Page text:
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Resettling Syrian Refugees

Q: Are 65,000 Syrian refugees being relocated to the U.S.?
A: No. The Obama administration says 1,000 to 2,000 Syrians will likely be resettled in the United States by the end of September, and at least 10,000 more in 2016.


I was emailed today that the Obama administration is authorizing the move of 65,000 refugees from Syria to the United States? Please help me!


Nearly 4 million Syrians have fled their home country because of a more than four-year civil war that has resulted in more than 220,000 deaths.

Almost all of the refugees have settled in the neighboring nations of Lebanon, Turkey, Jordan, Iraq and Egypt. The U.S. has accepted fewer than 900 Syrians as refugees since 2011.

Some say the U.S. should dramatically increase the number of refugees it accepts to at least 65,000, but so far the Obama administration has made a much smaller commitment.

In February, Jen Psaki, then a State Department spokeswoman, said: “We’re likely to admit 1,000 to 2,000 Syrian refugees for permanent resettlement in fiscal year 2015 and a somewhat higher number, though still in the low thousands, in fiscal year 2016.”

Assistant Secretary of State Anne Richard said the same thing in April.

Update, Sept. 10: In a press briefing, White House Press Secretary Josh Earnest said that President Obama will direct his administration to make preparations to accept at least 10,000 refugees from Syria in fiscal year 2016. We have changed the short answer to reflect his statement. As of Aug. 31, the U.S. had accepted 1,293 Syrian refugees in fiscal 2015, which ends Sept. 30, according to State Department figures.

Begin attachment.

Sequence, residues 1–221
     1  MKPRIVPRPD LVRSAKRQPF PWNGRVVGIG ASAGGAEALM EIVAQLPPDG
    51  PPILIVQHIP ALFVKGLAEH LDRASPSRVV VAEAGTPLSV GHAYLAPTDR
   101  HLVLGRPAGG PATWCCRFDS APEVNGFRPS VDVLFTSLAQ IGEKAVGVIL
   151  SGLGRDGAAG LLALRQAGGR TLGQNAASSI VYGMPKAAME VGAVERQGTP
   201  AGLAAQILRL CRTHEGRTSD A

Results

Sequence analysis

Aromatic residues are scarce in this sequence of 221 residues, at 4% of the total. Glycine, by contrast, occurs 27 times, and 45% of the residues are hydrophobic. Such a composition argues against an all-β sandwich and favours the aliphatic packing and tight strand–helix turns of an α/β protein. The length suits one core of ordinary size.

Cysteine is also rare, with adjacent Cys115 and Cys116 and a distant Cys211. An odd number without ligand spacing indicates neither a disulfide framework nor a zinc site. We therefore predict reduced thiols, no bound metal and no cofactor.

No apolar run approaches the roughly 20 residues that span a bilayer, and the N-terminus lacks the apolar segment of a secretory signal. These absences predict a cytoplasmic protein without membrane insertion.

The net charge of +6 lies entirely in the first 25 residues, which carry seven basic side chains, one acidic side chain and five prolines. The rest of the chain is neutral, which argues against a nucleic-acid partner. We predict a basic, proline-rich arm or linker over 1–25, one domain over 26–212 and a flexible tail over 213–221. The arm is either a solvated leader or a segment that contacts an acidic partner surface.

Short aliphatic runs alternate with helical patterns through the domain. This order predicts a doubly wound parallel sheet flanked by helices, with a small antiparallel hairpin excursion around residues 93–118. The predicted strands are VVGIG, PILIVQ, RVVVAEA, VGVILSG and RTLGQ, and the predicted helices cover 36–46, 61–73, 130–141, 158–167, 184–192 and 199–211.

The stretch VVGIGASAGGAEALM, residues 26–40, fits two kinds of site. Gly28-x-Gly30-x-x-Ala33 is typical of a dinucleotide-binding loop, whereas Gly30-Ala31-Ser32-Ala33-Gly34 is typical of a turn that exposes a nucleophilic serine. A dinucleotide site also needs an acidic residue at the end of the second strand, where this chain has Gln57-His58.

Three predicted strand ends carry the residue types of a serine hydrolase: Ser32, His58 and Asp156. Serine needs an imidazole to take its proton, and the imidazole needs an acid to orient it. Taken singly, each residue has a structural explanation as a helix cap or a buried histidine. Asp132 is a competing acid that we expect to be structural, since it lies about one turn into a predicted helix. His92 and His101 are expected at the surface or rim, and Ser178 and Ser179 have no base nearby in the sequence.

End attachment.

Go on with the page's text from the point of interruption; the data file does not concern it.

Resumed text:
Resettling Syrians

In December, the United Nations High Commissioner for Refugees announced that Western nations meeting in Geneva, including the U.S., had pledged to accept 100,000 Syrian refugees in 2015. The UNHCR had called for 130,000 Syrians to be resettled by the end of 2016.

The International Rescue Committee, a global humanitarian aid group that has been helping displaced Syrians, has argued for the U.S. to accept at least 65,000.

“It is well past time for the United States and other Western countries to commit to a dramatic boost in the resettlement of Syrian refugees,” wrote David Miliband, the IRC president and chief executive, in a Washington Post op-ed in March.

“By historical standards, the United States should be committing to take around 65,000 — or 50 percent — of those identified by the United Nations for resettlement by the end of 2016.”

Sen. Dick Durbin and 13 other Senate Democrats want the U.S. to do the same.

In a May 21 letter to President Obama, the senators urged the administration to “accept at least 50 percent of Syrian refugees whom UNHCR is seeking to resettle, consistent with our nation’s traditional practice under both Republican and Democratic Presidents.”

The U.S. has received 12,000 resettlement cases for consideration, the senators wrote.

According to the Congressional Research Service, “The United States aims to consider for resettlement at least half of the refugees referred by the United Nations High Commissioner for Refugees for resettlement worldwide each year, depending on the availability of funding.” For example, in 2013, the UNHCR referred 93,200 refugees for resettlement worldwide, and the U.S. took in 66,200 refugees during that year, according to that organization’s most recent annual global trends report.

But 65,000 Syrians, which some are pushing for, would be almost as many as the 70,000 global refugees that Obama authorized the U.S. to admit in fiscal year 2015. In order to accommodate that many Syrians, the U.S. would have to significantly increase its refugee admissions caps or reduce the number of admissions from other regions of the world.

FY15_refugee_capsThe 70,000 reserved spots for FY 2015 include 68,000 divided by regions, and an unallocated reserve of 2,000 to be added to those areas as needed. Since FY 2004, there have been eight years in which the unallocated reserve was tapped to adjust the ceilings and allow more refugees from a particular region, according to the Congressional Research Service.